MORGANTOWN — As far as West Virginia University is concerned, its football rivalry with Maryland will be resumed automatically in 2010.
Two games remain on an existing contract, according to Mike Parsons, deputy director of athletics. UM asked that those be delayed for two years so the Terps could play a home-and-home series with California in 2008-09.
“That contract wasn’t up when they asked to get out of the scheduled games these next two years,” Parsons said on Tuesday. “We also will be negotiating for more games in the future.”
This is the first interruption in the WVU-Maryland football rivalry since 1980. There have been 29 meetings in the last 28 years, including a Toyota Gator Bowl on Jan. 1, 2004, which was a rematch of the 2003 regular-season game.
Maryland won both of those contests handily. West Virginia has won the last four clashes, though, and leads the all-time series by a 23-21-2 edge.
As you can see, this has been a closely contested rivalry over the long haul, despite an layoff here and there, and it just makes good sense for WVU and Maryland to continue meeting not only in football but in basketball as well.
The last lapse in the rivalry was in 1978 and 1979.
West Virginia shut out Maryland 27-0 ‘way back there in 1919 in the very first meeting, and the schools did not clash again in football until 1943. That was by far the longest lapse in the series.
Parsons said UM has given no indication that it intends to drop the football rivalry. If the Terps wanted to get out of those two games still under contract, it could cost them big bucks.
As for resuming the basketball rivalry, he said it would be up to the close relationship between UM coach Gary Williams and WVU assistant Billy Hahn. As reported earlier, Hahn was an assistant under Williams for 12 years and is a Maryland alumnus.
The two have talked about the possibility of scheduling some future games.
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A couple of preseason football magazines are about to hit the newsstands, and Mike Montoro says WVU and several of its players are getting recognition in those publications.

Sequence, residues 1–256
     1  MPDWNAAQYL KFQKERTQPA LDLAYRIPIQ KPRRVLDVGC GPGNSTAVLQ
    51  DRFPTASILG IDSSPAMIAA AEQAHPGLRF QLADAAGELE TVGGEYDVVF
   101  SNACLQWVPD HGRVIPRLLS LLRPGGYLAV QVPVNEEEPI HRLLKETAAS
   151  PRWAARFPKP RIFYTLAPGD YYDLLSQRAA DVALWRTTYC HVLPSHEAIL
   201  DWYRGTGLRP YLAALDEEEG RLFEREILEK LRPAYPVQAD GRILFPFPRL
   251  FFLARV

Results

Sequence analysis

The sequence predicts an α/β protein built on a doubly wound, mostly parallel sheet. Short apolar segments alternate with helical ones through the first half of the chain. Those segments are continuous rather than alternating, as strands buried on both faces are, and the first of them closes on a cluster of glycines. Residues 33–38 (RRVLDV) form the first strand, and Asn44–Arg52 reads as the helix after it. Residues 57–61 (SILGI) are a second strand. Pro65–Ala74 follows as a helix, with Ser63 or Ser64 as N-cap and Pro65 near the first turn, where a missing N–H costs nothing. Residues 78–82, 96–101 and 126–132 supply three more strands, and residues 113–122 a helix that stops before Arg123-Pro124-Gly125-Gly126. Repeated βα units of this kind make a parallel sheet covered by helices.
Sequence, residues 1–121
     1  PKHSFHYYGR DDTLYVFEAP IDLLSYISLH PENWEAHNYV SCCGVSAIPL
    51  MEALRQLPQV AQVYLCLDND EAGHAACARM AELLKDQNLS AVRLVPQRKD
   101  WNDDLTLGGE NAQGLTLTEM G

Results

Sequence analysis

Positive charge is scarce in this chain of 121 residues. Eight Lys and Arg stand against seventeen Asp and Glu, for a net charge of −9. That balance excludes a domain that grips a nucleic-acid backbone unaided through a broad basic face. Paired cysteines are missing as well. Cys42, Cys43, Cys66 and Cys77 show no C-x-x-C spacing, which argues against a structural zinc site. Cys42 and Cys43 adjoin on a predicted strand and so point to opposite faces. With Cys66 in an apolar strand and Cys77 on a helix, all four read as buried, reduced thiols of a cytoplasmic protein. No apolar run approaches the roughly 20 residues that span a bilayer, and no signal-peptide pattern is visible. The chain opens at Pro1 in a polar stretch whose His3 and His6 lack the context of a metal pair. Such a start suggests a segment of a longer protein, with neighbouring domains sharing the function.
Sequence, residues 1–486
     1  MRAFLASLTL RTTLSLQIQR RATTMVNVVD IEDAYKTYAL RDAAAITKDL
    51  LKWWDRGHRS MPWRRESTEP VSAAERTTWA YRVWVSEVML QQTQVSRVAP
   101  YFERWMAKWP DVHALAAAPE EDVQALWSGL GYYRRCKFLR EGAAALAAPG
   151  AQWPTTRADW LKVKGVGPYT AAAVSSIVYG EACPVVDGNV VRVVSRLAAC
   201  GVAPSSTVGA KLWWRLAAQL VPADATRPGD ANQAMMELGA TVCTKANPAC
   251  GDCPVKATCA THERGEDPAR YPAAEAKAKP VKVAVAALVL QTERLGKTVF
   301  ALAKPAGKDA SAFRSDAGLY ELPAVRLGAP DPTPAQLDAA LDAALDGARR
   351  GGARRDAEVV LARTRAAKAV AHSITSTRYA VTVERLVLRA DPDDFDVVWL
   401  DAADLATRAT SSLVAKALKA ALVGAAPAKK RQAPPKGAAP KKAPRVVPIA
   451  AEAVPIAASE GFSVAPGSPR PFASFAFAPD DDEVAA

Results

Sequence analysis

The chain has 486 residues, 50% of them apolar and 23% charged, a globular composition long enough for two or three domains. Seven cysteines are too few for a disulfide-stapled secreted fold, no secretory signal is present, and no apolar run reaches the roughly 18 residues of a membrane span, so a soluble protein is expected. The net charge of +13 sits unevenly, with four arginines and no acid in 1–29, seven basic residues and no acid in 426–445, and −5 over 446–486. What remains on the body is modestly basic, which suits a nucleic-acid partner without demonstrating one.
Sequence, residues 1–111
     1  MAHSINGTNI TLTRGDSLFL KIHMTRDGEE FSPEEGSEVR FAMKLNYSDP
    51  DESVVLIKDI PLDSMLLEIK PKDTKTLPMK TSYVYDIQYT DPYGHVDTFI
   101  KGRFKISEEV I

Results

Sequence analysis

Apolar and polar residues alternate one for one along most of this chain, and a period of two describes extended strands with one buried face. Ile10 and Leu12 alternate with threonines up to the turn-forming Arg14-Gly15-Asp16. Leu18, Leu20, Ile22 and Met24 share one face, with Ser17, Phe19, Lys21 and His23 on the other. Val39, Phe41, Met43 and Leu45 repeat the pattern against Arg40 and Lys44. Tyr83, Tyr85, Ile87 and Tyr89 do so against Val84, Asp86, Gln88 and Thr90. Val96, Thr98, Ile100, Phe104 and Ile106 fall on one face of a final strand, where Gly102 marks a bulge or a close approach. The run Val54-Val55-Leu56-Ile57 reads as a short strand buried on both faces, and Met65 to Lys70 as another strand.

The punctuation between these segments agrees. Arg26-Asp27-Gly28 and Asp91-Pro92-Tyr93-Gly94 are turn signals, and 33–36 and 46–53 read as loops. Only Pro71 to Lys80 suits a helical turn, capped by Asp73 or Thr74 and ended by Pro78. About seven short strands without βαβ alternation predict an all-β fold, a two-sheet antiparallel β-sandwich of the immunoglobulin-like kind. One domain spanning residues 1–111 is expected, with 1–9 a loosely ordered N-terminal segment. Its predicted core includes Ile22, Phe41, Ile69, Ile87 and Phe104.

Lindy’s ranks the Mountaineers No. 9 nationally and projects them to win the Big East championship. That magazine rates WVU’s veteran offensive line No. 4 and its backfield No. 5 in the country.
Senior offensive lineman Ryan Stanchek made Lindy’s All-America first team, and senior Patrick White was listed No. 3 among the nation’s leading quarterback. Stanchek is the No. 3 tackle, junior Greg Isdaner No. 7 among offensive guards and sophomore Noel Devine No. 11 among the nation’s running backs.
White, Devine, Stanchek, Isdaner and kicker/punter Pat McAfee were named to the All-Big East first team. Second-team selections include center Mike Dent, kickoff-returner Devine, sophomore defensive lineman Scooter Berry and linebacker Reed Williams.
Libby’s named White the Big East’s MVP, Devine the toughest to bring down, and Stanchek the best run blocker.
Three newcomers were listed among the league’s top 20. They are junior defensive lineman Tevita Finau, freshman offensive lineman Josh Jenkins and freshman offensive lineman Benji Kemoeatu.
Finau was named the most likely to be the best NFL player, and freshman cornerback J.J. Dorsey was selected as the top sleeper.
Montoro, WVU’s director of football communications, said Phil Steele’s publication named White to its All-America second team and also to its All-Big East second team.
Other Mountaineers on the league’s first team are Devine, Isdaner, Stanchek, Williams and safety Quinton Andrews. Dent, linebacker Mortty Ivy, McAfee as a punter, and Devine as kick-returner are on the second team.